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Monday, Aug 15, 2022
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Cheap Building Costs Pushing Expansion at Lazy Dog Cafe

Westminster-based Lazy Dog Cafe is taking advantage of some of the cheapest building costs in years to open restaurants.

The company plans to open its fifth location, in Valencia, in December. Next year it also will open in Irvine and Temecula.

“Building is at the cheapest it’s been in years,” said Chief Executive Chris Simms. “One thing you can never change in business is the money you spend up-front.”

Building restaurants cost $3.5 million to $4 million, down from about $4.5 million a few years ago, he said.

Sales have been flat this year compared to a year earlier.

Becoming larger will help profitability through better contracts from suppliers, according to the company.

Simms wants to grow by about two or three restaurants each year with plans to eventually sell off the company.

“The key to growth is to keep the concept fresh, exciting and have high quality,” he said.

The Lazy Dog menu features “items inspired by cultures from around the world,” according to its Web site.

This includes influences from Italy, South America, China, France and the U.S., its Web site said.

Simms describes his restaurants’ decor as “creative rustic,like a mountain cabin with a twist.”

The casual restaurant currently is in Westminster, Torrance, Orange and Thousand Oaks.

Simms and his father, Tom, who operate under the legal name Ldci LLC, run the six-year-old chain.

Grandfather Arthur J. Simms started Irvine-based Mimi’s Cafe in 1978. Its 135 restaurants were sold four years ago to Bob Evans Farms Inc. in Columbus, Ohio, for $182 million.

Before starting Lazy Dog, Simms managed restaurants for Scottsdale-based P.F. Chang’s China Bistro Inc.


Hip Plungers

Laguna Beach-based Alice Supply Co. hopes the decorative twist it puts on everyday household items will connect with buyers.

It began selling its garden hoses, toolboxes, plungers and brooms, among various other items, three months ago.

“We wanted to take ordinary items and make them extraordinary,” said Chief Executive Maria Barnes.

For about $18, a buyer can purchase one of its plungers with decorative stripes on its handle, which is about $4 more than what someone might pay for a regular one of similar quality, she said.

“It’s priced for the mass market, but we’re certainly not selling that to plumbers,” she said. “This is for the hip.”

With more than 100 accounts with boutique sellers, such as New York’s Henri Bendel Inc., it’s marketing mostly to gift shoppers.

About a third of its sales are online.

Ideally Alice will create a name for itself through the boutique gift stores it sells to and then branch out to larger retailers such as Philadelphia-based Urban Outfitters Inc.’s Anthropologie stores.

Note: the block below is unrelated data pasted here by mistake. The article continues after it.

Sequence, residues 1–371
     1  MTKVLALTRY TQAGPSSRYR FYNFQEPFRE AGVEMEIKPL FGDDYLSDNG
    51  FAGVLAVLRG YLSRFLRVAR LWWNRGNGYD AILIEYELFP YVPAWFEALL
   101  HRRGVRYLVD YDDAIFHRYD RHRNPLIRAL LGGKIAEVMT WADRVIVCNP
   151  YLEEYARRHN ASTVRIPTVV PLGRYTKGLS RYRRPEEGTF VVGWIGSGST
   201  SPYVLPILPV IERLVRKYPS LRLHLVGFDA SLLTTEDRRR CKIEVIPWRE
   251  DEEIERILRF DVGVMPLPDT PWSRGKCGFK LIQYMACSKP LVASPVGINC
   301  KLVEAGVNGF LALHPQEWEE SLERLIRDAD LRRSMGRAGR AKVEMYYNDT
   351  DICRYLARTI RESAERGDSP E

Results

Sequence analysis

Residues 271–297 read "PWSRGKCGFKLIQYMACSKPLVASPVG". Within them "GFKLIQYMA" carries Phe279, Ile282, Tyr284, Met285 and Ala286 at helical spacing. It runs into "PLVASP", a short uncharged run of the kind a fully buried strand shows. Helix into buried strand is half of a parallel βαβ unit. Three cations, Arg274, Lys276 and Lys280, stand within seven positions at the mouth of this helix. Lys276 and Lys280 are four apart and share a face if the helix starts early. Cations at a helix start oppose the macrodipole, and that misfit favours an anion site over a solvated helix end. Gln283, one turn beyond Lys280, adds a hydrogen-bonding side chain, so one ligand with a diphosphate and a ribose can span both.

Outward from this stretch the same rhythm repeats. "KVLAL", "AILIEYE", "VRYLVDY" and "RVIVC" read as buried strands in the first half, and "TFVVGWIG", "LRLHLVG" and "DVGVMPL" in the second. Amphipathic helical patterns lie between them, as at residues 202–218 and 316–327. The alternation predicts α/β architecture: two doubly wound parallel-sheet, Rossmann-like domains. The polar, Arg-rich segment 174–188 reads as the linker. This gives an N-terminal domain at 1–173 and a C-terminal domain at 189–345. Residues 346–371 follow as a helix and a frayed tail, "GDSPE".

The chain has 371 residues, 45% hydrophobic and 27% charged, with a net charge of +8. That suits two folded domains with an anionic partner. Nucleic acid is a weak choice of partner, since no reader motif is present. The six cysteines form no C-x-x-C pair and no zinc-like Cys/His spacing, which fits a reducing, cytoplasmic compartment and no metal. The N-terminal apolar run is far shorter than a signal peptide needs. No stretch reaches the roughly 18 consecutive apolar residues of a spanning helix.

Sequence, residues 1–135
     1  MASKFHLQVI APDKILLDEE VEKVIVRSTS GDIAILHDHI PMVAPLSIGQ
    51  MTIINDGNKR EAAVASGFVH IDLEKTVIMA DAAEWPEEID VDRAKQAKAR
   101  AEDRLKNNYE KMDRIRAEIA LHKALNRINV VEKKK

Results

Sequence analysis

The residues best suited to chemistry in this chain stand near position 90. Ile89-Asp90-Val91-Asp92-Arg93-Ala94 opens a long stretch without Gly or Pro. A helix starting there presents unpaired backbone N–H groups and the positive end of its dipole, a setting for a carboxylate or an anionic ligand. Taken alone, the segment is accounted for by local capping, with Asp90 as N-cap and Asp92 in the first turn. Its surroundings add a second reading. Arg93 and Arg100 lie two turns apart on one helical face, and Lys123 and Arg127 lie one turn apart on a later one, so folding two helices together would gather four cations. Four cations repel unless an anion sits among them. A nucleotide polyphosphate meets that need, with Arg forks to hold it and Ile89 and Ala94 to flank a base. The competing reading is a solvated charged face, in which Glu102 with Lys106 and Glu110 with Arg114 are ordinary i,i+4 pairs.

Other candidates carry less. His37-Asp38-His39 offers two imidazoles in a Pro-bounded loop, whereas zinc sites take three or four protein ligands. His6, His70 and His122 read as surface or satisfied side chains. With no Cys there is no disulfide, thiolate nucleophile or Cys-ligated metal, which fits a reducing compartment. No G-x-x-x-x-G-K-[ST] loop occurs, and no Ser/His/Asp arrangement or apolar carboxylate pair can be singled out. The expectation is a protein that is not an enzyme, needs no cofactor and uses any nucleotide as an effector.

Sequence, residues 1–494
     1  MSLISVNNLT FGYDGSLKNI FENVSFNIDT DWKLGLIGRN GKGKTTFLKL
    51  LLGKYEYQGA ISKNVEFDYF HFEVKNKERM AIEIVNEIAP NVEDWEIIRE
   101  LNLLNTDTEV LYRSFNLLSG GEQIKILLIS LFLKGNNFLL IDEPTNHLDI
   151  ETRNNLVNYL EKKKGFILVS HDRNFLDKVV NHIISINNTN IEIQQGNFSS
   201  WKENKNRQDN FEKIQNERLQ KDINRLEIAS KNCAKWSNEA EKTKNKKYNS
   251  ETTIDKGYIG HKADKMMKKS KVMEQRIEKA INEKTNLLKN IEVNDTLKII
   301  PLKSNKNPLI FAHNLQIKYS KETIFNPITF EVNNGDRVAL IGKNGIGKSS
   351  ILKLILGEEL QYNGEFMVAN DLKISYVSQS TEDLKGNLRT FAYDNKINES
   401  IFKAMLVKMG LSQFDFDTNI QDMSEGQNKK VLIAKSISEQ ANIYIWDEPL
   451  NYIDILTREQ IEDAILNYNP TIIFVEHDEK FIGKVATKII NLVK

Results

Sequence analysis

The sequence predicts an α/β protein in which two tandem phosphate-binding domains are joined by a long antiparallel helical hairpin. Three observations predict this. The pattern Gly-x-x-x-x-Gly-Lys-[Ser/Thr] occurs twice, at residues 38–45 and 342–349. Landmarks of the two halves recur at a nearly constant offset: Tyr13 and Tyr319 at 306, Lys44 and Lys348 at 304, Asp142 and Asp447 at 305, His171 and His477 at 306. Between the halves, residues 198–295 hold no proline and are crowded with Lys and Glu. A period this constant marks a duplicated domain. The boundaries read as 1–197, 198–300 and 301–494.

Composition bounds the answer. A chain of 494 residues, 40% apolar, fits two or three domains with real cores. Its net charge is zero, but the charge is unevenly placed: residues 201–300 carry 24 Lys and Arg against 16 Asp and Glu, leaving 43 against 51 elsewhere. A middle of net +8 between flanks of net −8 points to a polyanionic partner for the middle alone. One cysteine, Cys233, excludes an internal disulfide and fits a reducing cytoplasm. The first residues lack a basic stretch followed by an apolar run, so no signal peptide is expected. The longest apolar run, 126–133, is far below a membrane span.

Beyond that it could look to sellers such as Wisconsin’s Kohl’s Corp. and Minneapolis-based Target Corp., she said.

All of its products are manufactured in China.

Chino-based Quetico LLC does all of its shipping and warehouse work.

It also has about 20 sales representatives it works with around the country.

Future products include a nautical print that it will apply to the handles of hammers and ping-pong balls and paddles.

Locally its products can be found at Laguna Supply in Laguna Beach.

Barnes is a surfwear veteran who once managed Huntington Beach-based Quiksilver Inc.’s Roxy brand. She also was a sportscaster for Walt Disney Co’s ABC and ESPN networks.


Outsourcing Accounting

Irvine-based Peak Virtual Accounting is off to a fast start after launching in June.

The accountant specializes in outsourced work, allowing business owners to scan their financial documents and upload them to Peak Virtual.

Peak Virtual then takes those scanned receipts and creates reports,from payroll to expense,for customers.

Customers pay anywhere from $199 to $2,000 a month for the service, depending on how intense their needs are.

It also does custom computer programming that connects different accounting software.

The company has five full-time employees, though it contracts out most of its programming work.

Founder and Chief Executive Leila Samoodi, a certified public accountant, said the company is eyeing $1 million in sales next year.

Dentists and manufacturers are two of its biggest niches. It also works with credit card processing companies.

“We want to have a few niches but handle a broad-based line of businesses,” Samoodi said.

The service is ideal for business owners who don’t want to spend time on accounting and want an independent source to check work and prevent employee theft, she said.

“Someone who’s passionate about dentistry doesn’t want to worry about work-ers in its office doing accounting,” she said.

It recently launched an aggressive online campaign.

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